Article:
Friday, March 20, 2009

Application Pwnership

Who owns this application? What can possibly be complicated about such a simple and innocent question?

Unfortunately, the answer to such a question is not that easy. Or at least, we have created software organizations that make it hard to answer.

Though it makes sense to have a division of labor between different teams qualified on certain aspects of software applications, the main problem resides in the partial system views that such a division creates.

Out of developers' hands, an application is oftentimes perceived by QA, DBAs or Operation teams as a giant black box:
(yes, it is a canonical black monolith of 1-4-9 proportions)

In fact, this giant black box has a few keyholes on it and, through these keyholes, they can barely peer into it. Consequently, the black box effect leads to QA teams seeing applications as sets of buttons to push, DBAs seeing them as data and table spaces and Operation teams dealing only with cryptic log files and alarms of all sorts.

No-one knows what is inside this darn black box. And when somethings goes haywire, only the Magician of Oz is deemed able to do something:

Now that everybody is so agile, this kind of concern may sound irrelevant. After all, developers are now generalizing specialists, so the barrier between them and other teams is now significantly lowered. Or is it?

The reality remains for the most part a difficult hand-off of applications between teams. I have seen different tentatives to improve things (including detailed operational manuals), but at the end of the day most of these attempts amounted to shallow knowledge transfers.

Ownership needs more.

Do you have any success story where applications have been successfully pwned by different teams?


David Dossot said...

Obviously, the book of faces has it right and does not have to deal with this kind of pesky details.

Artur Mc Djanoff said...

Well, I think I have one of this success story in mind.
It happen on a big project for french administration. The project was developped without systems skills, lower dba skills and very good developpers.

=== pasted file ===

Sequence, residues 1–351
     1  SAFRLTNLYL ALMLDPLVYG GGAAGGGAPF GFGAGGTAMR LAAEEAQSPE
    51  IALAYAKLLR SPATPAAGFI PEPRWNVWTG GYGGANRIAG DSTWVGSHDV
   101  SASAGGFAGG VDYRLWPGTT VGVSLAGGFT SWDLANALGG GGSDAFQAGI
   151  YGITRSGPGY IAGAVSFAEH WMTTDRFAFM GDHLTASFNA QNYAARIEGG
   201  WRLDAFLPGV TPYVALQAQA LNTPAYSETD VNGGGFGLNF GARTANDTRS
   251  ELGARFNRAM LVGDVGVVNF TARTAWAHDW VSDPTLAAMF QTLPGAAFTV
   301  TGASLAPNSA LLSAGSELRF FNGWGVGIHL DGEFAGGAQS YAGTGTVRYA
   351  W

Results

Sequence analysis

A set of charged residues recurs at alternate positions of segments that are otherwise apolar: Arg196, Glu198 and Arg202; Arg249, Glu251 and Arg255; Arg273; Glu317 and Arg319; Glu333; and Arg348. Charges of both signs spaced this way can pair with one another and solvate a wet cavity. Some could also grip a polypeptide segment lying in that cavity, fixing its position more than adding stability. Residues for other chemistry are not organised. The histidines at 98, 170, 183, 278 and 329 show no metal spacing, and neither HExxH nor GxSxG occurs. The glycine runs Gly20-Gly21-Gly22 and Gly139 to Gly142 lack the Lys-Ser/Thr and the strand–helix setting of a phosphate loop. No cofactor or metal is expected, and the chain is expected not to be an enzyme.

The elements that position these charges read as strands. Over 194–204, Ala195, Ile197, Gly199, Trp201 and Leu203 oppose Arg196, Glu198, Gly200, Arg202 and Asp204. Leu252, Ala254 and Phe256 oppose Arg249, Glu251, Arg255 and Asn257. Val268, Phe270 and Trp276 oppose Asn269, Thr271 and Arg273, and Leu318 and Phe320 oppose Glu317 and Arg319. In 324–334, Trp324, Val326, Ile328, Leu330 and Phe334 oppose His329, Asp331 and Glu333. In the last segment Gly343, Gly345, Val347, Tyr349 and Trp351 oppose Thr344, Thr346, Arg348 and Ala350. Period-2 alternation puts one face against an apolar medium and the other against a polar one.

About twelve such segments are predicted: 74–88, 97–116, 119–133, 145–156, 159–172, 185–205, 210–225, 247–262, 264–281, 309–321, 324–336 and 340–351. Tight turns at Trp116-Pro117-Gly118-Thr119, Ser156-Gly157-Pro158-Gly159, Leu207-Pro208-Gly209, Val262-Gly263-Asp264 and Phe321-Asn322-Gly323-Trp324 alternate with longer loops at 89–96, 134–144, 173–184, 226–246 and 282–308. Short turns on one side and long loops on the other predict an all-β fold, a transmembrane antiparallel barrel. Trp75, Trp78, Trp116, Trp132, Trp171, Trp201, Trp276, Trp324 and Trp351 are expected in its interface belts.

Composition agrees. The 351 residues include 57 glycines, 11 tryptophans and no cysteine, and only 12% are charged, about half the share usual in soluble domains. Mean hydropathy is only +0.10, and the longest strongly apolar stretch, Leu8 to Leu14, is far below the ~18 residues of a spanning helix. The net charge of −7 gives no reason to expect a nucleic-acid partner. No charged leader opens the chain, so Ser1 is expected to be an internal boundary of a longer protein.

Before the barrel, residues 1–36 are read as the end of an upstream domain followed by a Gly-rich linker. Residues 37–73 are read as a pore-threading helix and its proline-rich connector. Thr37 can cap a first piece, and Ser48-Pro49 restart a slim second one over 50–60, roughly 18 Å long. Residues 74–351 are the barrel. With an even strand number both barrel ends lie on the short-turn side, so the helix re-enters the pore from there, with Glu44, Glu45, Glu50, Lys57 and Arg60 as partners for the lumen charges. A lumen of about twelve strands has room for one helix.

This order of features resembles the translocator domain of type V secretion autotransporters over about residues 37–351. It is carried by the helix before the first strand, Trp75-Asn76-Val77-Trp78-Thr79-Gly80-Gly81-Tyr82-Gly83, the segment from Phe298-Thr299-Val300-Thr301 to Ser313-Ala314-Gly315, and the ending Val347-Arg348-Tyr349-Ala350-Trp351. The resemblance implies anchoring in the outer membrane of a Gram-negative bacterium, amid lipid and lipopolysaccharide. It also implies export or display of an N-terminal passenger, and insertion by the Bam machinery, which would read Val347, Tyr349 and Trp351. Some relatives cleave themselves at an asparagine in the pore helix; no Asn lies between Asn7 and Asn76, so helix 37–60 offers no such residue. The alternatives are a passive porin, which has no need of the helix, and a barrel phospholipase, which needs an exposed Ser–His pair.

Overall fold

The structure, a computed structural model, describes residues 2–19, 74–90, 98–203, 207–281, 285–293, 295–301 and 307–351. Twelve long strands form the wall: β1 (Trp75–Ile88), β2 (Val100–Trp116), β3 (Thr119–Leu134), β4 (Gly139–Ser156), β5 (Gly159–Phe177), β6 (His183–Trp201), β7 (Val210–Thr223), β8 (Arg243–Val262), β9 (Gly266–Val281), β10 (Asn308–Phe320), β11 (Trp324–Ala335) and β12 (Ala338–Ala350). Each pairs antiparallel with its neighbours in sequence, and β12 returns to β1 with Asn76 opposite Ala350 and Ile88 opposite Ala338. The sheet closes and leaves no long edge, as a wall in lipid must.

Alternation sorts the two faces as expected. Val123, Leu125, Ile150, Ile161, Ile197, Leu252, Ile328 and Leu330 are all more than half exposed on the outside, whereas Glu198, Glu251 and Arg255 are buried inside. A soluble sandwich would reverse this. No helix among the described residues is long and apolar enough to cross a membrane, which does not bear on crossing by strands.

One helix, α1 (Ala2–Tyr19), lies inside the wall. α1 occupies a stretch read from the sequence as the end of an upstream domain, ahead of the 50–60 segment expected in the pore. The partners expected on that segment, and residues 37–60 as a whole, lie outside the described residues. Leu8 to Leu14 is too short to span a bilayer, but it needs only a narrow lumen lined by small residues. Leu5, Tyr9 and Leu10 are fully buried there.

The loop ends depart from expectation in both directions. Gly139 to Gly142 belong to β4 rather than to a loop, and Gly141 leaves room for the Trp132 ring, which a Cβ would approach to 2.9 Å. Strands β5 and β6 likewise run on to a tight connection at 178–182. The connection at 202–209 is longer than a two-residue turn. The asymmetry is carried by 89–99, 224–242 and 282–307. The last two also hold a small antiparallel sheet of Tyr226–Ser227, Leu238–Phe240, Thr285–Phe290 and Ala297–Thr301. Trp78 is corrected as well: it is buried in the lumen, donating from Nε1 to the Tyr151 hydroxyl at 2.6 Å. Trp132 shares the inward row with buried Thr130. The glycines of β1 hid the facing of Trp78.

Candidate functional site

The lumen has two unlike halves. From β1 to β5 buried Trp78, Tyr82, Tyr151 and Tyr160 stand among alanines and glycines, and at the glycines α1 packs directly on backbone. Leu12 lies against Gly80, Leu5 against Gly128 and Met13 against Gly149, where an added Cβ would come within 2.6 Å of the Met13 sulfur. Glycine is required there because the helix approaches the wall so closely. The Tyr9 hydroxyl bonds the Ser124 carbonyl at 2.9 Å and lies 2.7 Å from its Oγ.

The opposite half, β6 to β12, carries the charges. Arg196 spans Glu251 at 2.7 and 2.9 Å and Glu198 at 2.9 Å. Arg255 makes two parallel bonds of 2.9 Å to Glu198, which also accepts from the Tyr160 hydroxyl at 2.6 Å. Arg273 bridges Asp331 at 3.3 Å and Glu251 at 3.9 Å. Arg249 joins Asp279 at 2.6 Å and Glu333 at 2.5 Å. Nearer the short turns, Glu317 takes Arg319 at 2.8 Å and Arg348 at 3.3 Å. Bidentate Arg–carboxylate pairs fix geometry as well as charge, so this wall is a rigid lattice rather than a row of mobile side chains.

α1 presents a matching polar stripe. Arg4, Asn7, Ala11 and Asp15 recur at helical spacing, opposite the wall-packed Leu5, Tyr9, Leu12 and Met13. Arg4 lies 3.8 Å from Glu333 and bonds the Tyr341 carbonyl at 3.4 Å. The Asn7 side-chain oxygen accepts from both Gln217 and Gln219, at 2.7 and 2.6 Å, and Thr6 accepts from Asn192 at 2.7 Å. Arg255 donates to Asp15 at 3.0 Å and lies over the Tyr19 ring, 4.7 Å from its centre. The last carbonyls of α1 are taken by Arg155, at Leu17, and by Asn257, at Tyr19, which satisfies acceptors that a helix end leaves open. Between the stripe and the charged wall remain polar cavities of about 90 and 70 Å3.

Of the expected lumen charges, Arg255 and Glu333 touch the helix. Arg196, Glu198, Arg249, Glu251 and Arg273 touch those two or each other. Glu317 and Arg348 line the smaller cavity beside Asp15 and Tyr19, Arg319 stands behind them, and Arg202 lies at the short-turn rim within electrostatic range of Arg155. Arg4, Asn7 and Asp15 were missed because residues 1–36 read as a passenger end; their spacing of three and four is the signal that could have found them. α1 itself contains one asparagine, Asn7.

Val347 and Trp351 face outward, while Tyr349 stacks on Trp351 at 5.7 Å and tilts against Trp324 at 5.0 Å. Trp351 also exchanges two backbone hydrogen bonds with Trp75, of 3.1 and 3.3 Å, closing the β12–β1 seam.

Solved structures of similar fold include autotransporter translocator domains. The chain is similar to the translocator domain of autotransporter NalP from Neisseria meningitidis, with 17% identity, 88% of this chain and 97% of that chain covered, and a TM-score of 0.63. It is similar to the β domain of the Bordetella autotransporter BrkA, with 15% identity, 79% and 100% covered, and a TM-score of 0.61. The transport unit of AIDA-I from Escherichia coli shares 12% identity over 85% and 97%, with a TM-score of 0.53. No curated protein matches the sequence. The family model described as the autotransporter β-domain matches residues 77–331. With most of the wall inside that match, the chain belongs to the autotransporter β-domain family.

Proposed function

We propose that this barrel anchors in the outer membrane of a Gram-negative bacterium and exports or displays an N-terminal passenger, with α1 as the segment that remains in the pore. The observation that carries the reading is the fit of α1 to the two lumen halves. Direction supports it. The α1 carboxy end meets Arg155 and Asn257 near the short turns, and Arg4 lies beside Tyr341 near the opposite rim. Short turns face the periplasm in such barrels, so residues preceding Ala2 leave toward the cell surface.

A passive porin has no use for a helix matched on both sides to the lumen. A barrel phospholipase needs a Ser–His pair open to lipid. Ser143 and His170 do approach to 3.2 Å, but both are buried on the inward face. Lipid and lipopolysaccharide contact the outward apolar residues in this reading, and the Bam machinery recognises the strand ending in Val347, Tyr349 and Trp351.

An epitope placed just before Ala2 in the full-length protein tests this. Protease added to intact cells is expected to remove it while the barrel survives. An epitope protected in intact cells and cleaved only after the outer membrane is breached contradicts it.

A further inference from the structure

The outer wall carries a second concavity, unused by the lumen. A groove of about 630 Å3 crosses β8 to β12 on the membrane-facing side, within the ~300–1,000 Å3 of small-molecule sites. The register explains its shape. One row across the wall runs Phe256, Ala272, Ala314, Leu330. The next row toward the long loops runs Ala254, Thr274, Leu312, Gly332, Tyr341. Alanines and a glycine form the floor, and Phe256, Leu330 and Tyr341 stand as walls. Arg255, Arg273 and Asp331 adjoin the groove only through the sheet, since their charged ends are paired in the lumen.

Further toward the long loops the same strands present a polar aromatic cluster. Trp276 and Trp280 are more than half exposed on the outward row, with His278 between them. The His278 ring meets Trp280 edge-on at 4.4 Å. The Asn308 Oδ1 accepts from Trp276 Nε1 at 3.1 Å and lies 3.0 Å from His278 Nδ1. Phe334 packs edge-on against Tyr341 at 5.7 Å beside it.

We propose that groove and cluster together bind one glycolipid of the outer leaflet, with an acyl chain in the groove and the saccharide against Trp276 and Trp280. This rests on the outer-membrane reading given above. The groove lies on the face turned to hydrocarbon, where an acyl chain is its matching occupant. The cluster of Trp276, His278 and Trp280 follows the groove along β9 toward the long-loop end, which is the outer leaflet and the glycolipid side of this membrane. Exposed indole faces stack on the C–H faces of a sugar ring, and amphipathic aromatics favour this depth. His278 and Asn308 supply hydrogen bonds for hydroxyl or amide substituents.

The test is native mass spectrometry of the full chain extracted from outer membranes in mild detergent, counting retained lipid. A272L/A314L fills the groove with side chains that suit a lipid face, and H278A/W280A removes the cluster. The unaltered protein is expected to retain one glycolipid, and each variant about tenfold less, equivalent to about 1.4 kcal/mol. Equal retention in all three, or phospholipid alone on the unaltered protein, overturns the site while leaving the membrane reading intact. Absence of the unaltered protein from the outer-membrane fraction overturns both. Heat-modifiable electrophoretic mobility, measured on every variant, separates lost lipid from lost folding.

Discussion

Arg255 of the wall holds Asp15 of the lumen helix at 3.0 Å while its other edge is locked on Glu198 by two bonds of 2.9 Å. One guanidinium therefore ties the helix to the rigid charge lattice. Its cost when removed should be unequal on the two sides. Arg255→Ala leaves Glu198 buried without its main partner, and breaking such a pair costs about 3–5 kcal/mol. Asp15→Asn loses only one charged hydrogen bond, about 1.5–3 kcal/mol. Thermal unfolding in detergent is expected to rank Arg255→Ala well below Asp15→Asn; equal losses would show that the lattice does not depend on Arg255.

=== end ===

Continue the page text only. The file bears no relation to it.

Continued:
The great work was made just before the production phase and during this one.
The project leader was understanding the lack of good system sills in his team as integration phase was a failure.

So after a very short period of recruitment, our team was composed of six java developpers ( formely thirsty ), one dba and two system administrators, I was one of them.

In first, we solve the deployment problems; installed three sites, made the load tests and made support from the production Go Live during more than a year.

We have no strictly organization, only very good communication with a small team.

Each part was leader in it technology but all problems were explained to all members and every one was able to propose anything.

I think that each job is very specialized and knowledge tranfert is somehow a difficult.

In my sense, the communication is sufficient as a part may explain a problem to another.

You're right when you talk about blackbox. The best practice is to avoid the blackbox syndrome.
Only an dba may write a document for another dba, and so on for developpers and adminsys.

The solution, I think is to have developpers, dba and adminsys involve in each phase of a project. Then they are able to share their knowledge to their specialists colleagues without knowledge loss.

Artur Mc Djanoff said...

I've forgot the most important in my post : the customer, or business as we often call him, is the only owner of the application.

David Dossot said...


But I am not talking about this kind of ownership. I am more thinking in term of intimate knowledge and the capacity to act responsibly on the application. That is full possession or groking, if you wish.

It's really about "pwning" it!

Artur Mc Djanoff said...

Hi David,

Well, I was too narrow minded in this situation. But my example still feet to the case. The great in this one is that our small team took the project from qualification to exploitation.

There is no one who own the application pwership as everyone is responsible on his part because no one can assume all.

I think a good developpement or exploitation team is composed of developpers ( application developpement/maintenance and problem resolution ), Qualifiers (Qualification tests and problem resolution ), DBAs ( Adminitrative tasks and problem resolution ), operations teams ( Adminitrative tasks and problem resolution ) and one or several problem resolv leader ( in fact, very often the projects leaders );
in differents percentages due to the context.

The knowledge transfert must be operated :
Developpers talk to the developpers
and so on.

The documentation is very important and must live :
- Application architecture
- Systeme architecture
- Operating Manual
- Installation Manual
- stress tests results
- Exploitations Policies ( security, backup, recovery, business continuity)
- Problem database
- Methodologies and processes well documented
and so on